Once he was involved in making motion pictures, his life was submerged in the medium. If he wasn’t involved in production, he was writing or planning the next movie. When he married, in 1945, it was to actress Yoko Yaguchi, who starred in one of his early films, The Most Beautiful. She knew about film-making and she must have realized how her husband’s career would impact their family life. They had two children. Hisao, their son, is following in his father’s footsteps as a movie director, while their daughter, Kazuko, designs costumes for films.

Kurosawa was fully occupied through most of his lengthy career. International recognition came in 1951 when his historical movie, Rashoman, won the top prize at the Venice Film Festival. However, it seems that, although he continued to make a film nearly every year throughout the 1950sand well into the 60s, he was still not highly valued in his mother country.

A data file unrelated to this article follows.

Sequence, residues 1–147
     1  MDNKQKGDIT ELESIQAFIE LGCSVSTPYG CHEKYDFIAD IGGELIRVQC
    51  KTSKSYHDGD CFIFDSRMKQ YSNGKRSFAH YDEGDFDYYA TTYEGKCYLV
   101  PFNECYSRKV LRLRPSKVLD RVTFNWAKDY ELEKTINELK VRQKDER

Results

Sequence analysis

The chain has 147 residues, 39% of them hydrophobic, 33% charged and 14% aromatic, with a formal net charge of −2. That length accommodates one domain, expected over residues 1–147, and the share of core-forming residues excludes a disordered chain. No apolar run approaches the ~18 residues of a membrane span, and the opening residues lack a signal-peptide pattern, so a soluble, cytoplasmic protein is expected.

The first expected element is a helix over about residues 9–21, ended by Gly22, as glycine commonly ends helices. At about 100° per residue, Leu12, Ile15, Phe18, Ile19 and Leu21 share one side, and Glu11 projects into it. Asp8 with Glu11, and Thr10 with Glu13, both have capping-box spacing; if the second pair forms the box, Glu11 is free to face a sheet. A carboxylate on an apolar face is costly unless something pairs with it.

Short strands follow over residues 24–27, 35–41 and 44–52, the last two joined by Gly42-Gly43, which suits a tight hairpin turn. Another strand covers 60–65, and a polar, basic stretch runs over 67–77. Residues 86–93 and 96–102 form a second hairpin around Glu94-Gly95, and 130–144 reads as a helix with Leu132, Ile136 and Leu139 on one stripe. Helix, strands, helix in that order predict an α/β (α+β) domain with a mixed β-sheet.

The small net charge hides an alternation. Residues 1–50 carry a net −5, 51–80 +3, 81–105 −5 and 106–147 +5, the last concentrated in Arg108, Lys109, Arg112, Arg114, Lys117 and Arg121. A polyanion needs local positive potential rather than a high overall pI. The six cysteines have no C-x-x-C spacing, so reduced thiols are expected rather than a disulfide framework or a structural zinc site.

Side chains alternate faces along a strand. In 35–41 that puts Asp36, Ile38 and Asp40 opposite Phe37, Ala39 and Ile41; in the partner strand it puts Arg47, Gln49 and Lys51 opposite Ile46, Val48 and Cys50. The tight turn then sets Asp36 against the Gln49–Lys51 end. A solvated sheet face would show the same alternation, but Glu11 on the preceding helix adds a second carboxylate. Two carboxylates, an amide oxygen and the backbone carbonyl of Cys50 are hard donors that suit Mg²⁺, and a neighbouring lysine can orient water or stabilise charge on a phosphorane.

His films were great because of his perfectionism, but this was expensive and time consuming. For the film, Red Beard, he dragged out the production over two years to take the newness out of the sets and costumes and get the effects he wanted.

He eventually found it difficult to find funding for his film projects. His first color movie, Dodes’ka-den, was released in 1970 after a break of five years. The movie was about the lives of poor slum dwellers and their struggle for survival, dour and unpleasant subject matter. It was not well received by the critics of Japan. This affected him so badly that he tried to commit suicide. Fortunately he was not successful and lived to continue to provide the world’s film buffs with some great movies.